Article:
Search billions of records on

An excursion by train -Timaru to Temuka - 1874 - 1875

Press, 11 June 1879, Page 2
Rapid progress is being made with the excavation of the cliff to make room for the new railway station. The clay is being used for reclamation purposes on the beach.

Timaru Herald, 6 May 1871, Page 2
Temuka Railway. — With the exception of a few minor details the plans and working drawings of the line between Timaru and the Washdyke are now complete, and we may expect that very shortly tenders for that portion of the work will be called for. The line is to start from the New Landing Service, skirting Sea View Villa and the Custom House, past the sea front of Messrs Mills and Co.'s store, then on in a steep cutting shaving the engine house at the Government Landing Shed (we are not quite certain whether this shed will not have to be removed) past, the Masonic Hall, and on along the cliffs to Whales' Creek. Here the line encroaches on the main road some few feet, but we believe it is the intention of the engineer to fence off the line from the road by a high paling fence. For public convenience it is a great drawback to curtail the road at this point, it being the entrance to the town, for besides the chance of a block, it is rather a nasty spot in case of accidents, which will be made more probable by the close proximity of the railway. If this intention on the part of the engineer is carried out, the road for one or two chains will be but 35 feet in width. From LeCren's Gully the line, keeping pretty near the cliffs, goes through the Maori reserve, after which it passes through a corner of Mr Woollcombe's property, then, on skirting the western side of the Waimataitai lagoon and crossing the creek at its junction with the lagoon, enters on Mr Belfield's property, running through which in about a straight line, it crosses the boundary creek between Waimataitai and the Messrs Rhodes' land on the further side. About the centre of Messrs Rhodes' .property is a low part of the hill, which the engineers have taken advantage of, by putting the railway through it. From then on the line emerges on to the Washdyke flat, and then on to the Washdyke. Several heavy cuttings will have to be made on the line, the principal being on Mr Rhodes' land, on the Waimataitai property, the Maori reserve, and on the line of cliffs leading into Timaru. The total distance to the Washdyke is, we believe, 3 three- quarters miles. Some of the land through which the railway passes has had to be bought, but all the claims for compensation will probably be settled at the outset between the Government and the several land-holders, without going to the expense and trouble of arbitration. Oct. 1971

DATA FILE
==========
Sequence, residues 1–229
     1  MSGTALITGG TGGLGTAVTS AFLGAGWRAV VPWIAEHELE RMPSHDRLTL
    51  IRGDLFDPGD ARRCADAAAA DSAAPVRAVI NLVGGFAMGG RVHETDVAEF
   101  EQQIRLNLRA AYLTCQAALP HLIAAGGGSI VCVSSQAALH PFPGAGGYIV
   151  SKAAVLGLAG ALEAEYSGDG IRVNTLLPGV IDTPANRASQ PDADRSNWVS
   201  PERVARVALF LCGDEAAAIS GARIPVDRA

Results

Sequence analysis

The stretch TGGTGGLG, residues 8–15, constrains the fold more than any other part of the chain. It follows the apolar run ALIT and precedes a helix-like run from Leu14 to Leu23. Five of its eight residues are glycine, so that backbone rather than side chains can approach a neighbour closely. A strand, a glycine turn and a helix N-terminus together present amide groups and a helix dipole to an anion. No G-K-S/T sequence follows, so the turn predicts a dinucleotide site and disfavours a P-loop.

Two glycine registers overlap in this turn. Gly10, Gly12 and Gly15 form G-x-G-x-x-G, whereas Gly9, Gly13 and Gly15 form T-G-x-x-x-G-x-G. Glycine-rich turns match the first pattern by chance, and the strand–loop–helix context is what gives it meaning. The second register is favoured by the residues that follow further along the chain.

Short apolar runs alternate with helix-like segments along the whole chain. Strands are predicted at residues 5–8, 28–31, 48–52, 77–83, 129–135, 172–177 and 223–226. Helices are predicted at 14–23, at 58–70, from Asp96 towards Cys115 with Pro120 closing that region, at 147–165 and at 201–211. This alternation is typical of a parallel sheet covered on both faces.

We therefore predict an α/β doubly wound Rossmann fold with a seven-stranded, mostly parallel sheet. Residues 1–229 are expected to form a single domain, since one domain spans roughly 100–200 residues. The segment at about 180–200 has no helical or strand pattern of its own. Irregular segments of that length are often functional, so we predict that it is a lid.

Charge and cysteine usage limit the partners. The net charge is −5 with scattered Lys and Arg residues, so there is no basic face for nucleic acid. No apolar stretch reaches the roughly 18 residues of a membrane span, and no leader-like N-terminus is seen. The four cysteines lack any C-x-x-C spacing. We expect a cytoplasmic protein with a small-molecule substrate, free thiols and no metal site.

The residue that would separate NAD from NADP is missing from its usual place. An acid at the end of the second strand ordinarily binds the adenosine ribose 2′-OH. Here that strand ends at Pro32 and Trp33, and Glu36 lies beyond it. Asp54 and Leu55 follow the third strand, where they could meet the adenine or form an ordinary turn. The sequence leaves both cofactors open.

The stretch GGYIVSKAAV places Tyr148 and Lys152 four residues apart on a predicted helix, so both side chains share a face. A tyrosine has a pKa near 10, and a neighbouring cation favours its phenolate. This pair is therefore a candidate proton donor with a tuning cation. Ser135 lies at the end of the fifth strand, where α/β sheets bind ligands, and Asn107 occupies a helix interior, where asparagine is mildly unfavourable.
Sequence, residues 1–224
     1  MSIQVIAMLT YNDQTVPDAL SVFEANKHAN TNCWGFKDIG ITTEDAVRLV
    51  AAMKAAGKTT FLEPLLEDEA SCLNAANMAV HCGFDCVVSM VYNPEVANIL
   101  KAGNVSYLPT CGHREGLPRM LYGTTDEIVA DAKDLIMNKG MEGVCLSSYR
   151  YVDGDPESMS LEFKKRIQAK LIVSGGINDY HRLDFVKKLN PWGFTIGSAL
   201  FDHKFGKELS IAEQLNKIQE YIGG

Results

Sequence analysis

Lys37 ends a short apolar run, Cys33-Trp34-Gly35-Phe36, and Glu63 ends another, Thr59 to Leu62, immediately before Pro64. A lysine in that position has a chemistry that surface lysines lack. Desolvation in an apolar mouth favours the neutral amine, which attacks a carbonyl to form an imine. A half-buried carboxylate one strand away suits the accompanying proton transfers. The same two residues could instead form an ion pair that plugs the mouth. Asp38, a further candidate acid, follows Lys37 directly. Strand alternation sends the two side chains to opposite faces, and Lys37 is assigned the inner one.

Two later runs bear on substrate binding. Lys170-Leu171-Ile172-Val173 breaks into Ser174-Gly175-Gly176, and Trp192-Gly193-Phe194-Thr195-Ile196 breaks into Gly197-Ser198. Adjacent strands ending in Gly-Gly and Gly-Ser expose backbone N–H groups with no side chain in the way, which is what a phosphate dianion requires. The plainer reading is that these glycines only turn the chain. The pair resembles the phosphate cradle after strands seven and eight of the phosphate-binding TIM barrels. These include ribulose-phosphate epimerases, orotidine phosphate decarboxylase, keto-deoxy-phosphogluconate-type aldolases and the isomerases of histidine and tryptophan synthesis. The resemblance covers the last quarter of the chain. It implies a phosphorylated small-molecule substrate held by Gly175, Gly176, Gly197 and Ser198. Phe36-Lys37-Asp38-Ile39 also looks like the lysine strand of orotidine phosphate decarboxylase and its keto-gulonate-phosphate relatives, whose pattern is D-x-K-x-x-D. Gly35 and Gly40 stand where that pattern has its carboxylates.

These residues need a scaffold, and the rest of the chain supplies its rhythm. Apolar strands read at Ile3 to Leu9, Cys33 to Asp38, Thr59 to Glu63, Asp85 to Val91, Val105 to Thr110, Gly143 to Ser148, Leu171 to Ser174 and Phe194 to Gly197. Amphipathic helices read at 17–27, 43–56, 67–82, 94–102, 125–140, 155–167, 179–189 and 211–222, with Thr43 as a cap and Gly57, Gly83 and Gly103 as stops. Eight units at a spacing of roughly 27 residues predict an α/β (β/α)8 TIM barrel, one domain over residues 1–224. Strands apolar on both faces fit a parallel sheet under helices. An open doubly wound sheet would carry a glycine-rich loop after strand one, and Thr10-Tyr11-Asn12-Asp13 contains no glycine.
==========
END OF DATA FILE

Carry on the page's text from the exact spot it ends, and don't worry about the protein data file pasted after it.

A cutting - looking towards Timaru Harbour - pedestrian overbridge at the bottom of Benvenue Ave. Dashing Rocks walkway.
Flax and broom blooming. Macrocarpa trees beyond the bridge marking the boundary of Ashbury Park. Old railway irons have been used as fence posts.

Timaru Herald, 13 January 1873, Page 3